London's Mayor says a new study shows the poorest communities in London are worst impacted by youth violence.

Poverty, unemployment, and poor mental health among young people were all linked to higher levels of violence, research from City Hall found.

Inner London has the worst struggle with youth attacks – Westminster, Southwark, Lambeth, Islington, Tower Hamlets, Camden, and Hackney were among the most violent boroughs in the city.

But outer London also faces significant problems, with particularly high levels of youth violence in Haringey, Enfield, Brent and Croydon.

London Mayor Sadiq Khan today called on the Government to reverse cuts to youth services, and devolve more powers to City Hall to combat the problem.

Speaking at a youth club in Bermondsey, the Mayor said: “There are still some who say that to acknowledge this link between poverty, deprivation and crime is somehow to excuse criminality and to let the criminals off the hook. I say this is dangerous rubbish.”

He added: “The sad reality is the violence we’re seeing on our streets today is an appalling side-effect of increasing inequality and alienation caused by years of government austerity and neglect.”

A map showing the rates of youth violence in different London boroughs

Mr Khan today announced that London's violence reduction unit will fund more after school clubs, support for young people and parents facing domestic violence, and training for youth workers in the capital.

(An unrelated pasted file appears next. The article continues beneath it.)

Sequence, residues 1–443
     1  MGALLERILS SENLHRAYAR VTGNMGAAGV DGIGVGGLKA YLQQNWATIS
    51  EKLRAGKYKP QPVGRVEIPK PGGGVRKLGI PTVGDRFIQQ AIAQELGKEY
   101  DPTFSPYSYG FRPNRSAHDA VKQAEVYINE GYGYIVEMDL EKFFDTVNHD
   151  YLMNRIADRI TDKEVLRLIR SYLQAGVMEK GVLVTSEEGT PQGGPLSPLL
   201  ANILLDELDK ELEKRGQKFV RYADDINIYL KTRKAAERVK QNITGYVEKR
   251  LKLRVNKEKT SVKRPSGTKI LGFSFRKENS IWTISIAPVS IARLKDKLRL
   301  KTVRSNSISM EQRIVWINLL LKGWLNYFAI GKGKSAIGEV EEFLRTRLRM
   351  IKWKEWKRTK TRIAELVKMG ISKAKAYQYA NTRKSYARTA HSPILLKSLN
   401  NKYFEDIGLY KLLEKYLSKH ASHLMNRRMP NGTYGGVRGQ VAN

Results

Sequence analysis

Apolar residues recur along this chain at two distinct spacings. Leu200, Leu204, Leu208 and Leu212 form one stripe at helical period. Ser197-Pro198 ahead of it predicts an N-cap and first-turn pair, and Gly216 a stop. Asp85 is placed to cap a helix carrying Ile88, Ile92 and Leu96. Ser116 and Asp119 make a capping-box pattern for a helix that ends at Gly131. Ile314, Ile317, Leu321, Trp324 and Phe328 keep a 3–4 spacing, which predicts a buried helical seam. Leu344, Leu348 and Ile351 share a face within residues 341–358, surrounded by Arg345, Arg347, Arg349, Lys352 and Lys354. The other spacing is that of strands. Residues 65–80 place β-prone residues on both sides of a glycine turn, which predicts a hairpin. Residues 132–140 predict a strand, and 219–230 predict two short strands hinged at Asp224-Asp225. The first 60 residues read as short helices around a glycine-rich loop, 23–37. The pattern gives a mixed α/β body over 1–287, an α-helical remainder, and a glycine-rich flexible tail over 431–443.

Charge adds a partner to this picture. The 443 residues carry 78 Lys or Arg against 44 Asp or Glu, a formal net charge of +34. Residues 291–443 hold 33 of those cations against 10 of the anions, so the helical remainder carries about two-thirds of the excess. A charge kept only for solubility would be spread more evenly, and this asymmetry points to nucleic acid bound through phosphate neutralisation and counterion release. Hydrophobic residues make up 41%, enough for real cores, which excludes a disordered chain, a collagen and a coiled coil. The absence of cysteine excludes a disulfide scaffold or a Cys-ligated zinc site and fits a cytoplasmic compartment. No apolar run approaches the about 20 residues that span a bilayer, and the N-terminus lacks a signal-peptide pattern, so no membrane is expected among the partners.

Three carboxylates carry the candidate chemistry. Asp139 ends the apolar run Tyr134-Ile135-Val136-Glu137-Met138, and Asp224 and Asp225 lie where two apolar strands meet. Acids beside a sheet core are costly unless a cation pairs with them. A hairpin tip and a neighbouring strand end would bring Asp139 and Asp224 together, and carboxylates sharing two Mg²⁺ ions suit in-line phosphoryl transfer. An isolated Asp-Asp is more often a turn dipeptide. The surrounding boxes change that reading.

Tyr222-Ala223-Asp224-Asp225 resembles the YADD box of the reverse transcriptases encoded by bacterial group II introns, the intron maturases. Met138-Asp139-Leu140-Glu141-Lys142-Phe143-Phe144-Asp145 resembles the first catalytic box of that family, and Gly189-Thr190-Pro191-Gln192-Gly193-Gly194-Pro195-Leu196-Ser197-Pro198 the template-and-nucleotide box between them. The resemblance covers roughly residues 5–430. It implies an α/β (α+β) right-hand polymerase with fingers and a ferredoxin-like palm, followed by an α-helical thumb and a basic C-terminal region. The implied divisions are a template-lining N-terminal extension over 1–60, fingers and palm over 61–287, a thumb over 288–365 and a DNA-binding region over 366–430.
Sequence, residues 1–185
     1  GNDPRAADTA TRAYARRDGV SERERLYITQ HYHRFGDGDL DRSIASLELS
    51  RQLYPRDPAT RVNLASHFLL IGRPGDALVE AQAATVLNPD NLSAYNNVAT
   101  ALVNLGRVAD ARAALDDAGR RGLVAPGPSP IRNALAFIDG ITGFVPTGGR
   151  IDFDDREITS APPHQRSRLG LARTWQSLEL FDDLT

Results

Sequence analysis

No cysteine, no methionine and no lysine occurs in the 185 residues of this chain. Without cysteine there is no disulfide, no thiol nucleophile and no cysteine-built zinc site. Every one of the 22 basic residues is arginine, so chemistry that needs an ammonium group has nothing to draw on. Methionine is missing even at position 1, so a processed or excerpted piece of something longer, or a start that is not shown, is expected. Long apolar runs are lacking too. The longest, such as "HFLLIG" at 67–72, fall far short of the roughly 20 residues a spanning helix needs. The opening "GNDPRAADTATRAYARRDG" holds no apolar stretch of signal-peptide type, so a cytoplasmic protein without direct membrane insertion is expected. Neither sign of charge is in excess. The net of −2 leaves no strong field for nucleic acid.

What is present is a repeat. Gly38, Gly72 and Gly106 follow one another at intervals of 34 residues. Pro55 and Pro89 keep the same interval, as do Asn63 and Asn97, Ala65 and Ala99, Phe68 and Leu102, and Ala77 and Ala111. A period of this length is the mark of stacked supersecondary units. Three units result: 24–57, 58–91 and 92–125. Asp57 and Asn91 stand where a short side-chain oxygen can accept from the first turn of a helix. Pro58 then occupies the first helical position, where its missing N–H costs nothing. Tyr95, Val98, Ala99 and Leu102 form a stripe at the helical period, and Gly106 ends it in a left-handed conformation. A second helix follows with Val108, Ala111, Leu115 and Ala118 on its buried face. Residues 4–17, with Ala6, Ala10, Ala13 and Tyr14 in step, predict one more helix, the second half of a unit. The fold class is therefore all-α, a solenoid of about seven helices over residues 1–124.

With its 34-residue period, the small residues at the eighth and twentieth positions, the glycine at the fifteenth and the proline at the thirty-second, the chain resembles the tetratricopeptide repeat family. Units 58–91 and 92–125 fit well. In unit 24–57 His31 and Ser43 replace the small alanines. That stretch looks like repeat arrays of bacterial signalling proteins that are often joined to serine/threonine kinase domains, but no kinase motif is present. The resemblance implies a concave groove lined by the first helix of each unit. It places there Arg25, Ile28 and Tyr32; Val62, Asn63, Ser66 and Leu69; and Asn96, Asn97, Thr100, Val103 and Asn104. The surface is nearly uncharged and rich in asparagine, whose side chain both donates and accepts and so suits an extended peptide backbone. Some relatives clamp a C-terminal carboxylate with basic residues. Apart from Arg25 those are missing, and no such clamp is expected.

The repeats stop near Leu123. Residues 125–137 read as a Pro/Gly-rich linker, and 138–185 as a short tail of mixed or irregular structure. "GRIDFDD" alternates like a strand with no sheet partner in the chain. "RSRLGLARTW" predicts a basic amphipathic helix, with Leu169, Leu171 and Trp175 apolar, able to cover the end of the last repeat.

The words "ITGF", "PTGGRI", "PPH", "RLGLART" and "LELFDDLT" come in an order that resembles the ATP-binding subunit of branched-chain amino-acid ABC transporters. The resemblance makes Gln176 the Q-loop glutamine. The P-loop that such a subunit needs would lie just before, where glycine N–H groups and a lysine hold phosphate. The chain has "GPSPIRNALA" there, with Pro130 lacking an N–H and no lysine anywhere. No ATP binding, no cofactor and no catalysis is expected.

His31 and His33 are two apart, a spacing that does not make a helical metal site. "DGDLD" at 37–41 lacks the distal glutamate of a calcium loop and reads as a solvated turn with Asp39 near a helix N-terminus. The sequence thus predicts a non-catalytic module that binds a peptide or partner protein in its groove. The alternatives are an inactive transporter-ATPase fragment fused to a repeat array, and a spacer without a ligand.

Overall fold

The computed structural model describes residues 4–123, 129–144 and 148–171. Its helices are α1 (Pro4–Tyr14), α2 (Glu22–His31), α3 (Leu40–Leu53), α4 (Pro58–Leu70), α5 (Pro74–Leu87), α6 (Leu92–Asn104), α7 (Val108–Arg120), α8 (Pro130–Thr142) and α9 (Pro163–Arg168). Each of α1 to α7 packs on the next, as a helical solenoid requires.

The Mayor will also support schools to reduce exclusions, and help children in the transition from primary to secondary.

Children who are excluded from school are twice as likely to carry a knife as their peers, according to government data.

Mr Khan also announced £360,000 funding for youth programmes over the summer holidays,  to help keep 3,500 children off the streets and away from crime.

But Conservative assembly member Susan Hall said the Mayor was failing to use his powers to close the inequality gap.

She said: “There can be no doubt that the link between poverty and violent crime is real and desperately needs addressing.”

But Ms Hall said the Mayor could tackle the problem by building more homes and investing in transport. She said Mr Khan had “gone soft on criminals and lost control of the streets” by reducing stop and search early in his mayoralty.

She said: “The Mayor’s attempt to shift the blame and bring out the begging bowl simply won’t wash while he’s splurging an eye-watering amount of cash and failing to get a grip on London’s crime epidemic."